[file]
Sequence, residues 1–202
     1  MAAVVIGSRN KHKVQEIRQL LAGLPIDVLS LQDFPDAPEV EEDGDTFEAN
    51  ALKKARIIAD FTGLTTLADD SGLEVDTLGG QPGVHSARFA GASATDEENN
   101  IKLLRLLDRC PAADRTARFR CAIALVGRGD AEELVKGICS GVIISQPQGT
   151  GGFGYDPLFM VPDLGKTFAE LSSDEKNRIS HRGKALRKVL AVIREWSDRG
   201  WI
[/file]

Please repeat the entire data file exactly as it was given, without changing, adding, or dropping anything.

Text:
Sequence, residues 1–202
     1  MAAVVIGSRN KHKVQEIRQL LAGLPIDVLS LQDFPDAPEV EEDGDTFEAN
    51  ALKKARIIAD FTGLTTLADD SGLEVDTLGG QPGVHSARFA GASATDEENN
   101  IKLLRLLDRC PAADRTARFR CAIALVGRGD AEELVKGICS GVIISQPQGT
   151  GGFGYDPLFM VPDLGKTFAE LSSDEKNRIS HRGKALRKVL AVIREWSDRG
   201  WI